The doctor who was sitting in the cabin noticed this at the same time as the pilot, who at that moment saw a black cable in front of him in the lower right corner.

Since the pilot noticed neither vibrations nor any impairment of the control system, he flew the helicopter to an open landing site in the Rhine plain about 1.4 km to the northwest and landed there without any further incident.

The Safety Investigation and Analysis

Examination of the helicopter revealed “traces of wear from black rubber” near the tip of a main rotor blade. There was no evidence of blade structural damage or any other damage to the helicopter. The helicopter was released to service subsequently.

Rega HEMS Airbus H145 (BK117D2) HB-ZQM at Friedrichshafen 10 April 2019 (Credit: Mike Burdett CC BY-SA 2.0)

Rega HEMS Airbus H145 (BK117D2) HB-ZQM at Friedrichshafen 10 April 2019 (Credit: Mike Burdett CC BY-SA 2.0)

The investigators note that:

Telephone lines, which often run parallel to streets in order to simplify maintenance work on the line, generally do not reach a height of 25 m above ground. For this reason, such lines are not entered in the official and generally accessible database of aviation obstacles. In the present case, the airline had an extended database that displayed the telephone line in question in the EFB and on the navigation screen in the cockpit.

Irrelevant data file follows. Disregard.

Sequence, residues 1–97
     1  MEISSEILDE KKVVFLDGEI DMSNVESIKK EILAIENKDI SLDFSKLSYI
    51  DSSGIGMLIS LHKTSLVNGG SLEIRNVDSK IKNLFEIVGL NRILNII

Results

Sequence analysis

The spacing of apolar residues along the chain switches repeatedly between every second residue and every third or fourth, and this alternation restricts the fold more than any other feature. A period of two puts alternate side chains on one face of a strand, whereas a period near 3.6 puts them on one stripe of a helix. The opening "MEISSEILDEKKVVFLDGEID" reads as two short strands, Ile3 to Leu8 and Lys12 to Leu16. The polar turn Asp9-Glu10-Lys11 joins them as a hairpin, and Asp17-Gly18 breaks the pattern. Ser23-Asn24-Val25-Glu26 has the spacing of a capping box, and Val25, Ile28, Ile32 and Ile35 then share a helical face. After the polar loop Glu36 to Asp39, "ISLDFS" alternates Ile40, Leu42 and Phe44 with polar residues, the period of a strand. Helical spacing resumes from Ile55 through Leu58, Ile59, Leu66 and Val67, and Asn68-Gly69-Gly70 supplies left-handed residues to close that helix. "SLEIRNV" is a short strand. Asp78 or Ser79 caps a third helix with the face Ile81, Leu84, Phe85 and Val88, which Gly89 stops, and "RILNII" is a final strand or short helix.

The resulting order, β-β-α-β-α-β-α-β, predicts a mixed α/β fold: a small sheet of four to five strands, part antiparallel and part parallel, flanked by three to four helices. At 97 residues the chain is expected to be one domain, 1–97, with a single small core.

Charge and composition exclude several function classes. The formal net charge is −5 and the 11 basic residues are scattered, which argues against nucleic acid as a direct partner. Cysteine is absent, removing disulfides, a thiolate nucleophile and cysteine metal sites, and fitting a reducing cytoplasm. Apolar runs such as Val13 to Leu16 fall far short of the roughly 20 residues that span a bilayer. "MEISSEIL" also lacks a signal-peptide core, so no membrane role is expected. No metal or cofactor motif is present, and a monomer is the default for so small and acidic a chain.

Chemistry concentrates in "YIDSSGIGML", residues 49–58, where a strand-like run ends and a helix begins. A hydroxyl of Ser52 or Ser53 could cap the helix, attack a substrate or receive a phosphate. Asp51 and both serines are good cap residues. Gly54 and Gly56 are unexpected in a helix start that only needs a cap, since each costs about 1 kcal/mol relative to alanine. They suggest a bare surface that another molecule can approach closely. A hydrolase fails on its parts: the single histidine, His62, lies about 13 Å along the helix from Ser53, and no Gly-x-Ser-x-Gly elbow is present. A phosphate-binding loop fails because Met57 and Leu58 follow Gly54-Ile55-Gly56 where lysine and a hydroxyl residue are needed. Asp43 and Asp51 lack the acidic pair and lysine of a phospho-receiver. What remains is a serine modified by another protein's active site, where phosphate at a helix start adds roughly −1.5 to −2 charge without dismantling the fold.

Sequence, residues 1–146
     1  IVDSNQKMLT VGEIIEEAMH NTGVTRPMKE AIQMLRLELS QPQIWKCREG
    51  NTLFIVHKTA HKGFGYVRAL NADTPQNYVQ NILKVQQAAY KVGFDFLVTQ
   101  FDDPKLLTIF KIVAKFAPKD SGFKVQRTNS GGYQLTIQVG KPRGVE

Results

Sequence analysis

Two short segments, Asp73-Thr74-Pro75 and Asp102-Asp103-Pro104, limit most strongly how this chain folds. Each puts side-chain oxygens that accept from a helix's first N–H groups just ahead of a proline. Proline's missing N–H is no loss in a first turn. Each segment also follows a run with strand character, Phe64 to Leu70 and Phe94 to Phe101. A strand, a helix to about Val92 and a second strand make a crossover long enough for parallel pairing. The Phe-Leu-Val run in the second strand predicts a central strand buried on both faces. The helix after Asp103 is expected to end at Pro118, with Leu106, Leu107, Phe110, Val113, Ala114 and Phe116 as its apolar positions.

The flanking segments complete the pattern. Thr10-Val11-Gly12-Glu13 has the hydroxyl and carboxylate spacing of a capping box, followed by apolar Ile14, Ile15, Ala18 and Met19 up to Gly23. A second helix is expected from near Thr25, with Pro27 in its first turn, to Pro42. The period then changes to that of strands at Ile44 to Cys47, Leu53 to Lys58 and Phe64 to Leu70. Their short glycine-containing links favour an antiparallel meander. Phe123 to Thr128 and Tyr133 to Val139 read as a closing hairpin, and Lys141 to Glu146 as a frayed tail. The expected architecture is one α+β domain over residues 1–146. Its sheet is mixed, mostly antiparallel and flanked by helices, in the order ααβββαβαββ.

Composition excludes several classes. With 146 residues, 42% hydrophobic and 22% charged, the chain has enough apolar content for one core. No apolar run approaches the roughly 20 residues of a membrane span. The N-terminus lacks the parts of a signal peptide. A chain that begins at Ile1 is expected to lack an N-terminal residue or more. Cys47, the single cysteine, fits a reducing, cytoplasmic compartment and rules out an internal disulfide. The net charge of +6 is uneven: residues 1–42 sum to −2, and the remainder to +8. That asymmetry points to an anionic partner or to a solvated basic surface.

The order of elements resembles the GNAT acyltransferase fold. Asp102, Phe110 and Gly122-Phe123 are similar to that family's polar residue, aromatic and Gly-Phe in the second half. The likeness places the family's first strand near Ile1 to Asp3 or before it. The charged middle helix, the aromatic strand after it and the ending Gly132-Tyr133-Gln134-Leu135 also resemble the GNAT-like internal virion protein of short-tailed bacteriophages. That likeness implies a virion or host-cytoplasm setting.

With the aid of these aids, the crew registered during the overflight to the scene that there were telephone lines in the area of the landing area, which made them aware of the situation (situational awareness) improved. The crew recognized the telephone line with which the helicopter later collided on the first approach to the first landing site.

However, the pilot wrongly assessed the course of the cable as running diagonally across the meadow behind.

Since April 2018, the Swiss Helicopter Association (SHA) “SwissMap Mobile” application, which also shows a large number of obstacles below 25 m above ground, such as power and telephone lines, hay ropes or ski lift cables 5, can also be purchased for non-members.

Furthermore:

At the time of the accident, visibility was good with a cloudless sky. The position of the sun was at an azimuth of 274° and an altitude of 21°.

Due to the position of the sun, which is seen in the direction of flight of the helicopter in the front right and in the area of the landscape horizon found, it is also conceivable that the pilot was blinded by the sunlight. The already poor visibility of such thin cables can be made even more difficult.

This made the landing even more complex for a diligent crew.

Safety Resources

We have written on previous wirestrikes:

See also: Avoiding Wire Strikes

The European Safety Promotion Network – Rotorcraft (ESPN-R) has published this video and guidance with EASA:

easa wirestrike

We have also covered:

Aerossurance will be running training workshops at the EHA European Rotors VTOL Show and Safety Conference in Cologne in November 2020 on a) Safety Culture and Leadership and b) Contracting Aviation Services: An Introduction to the Basics.

european rotors 2020


Aerossurance has extensive air safety, operations, SAR, airworthiness, human factors, aviation regulation and safety analysis experience.  For practical aviation advice you can trust, contact us at: enquiries@aerossurance.com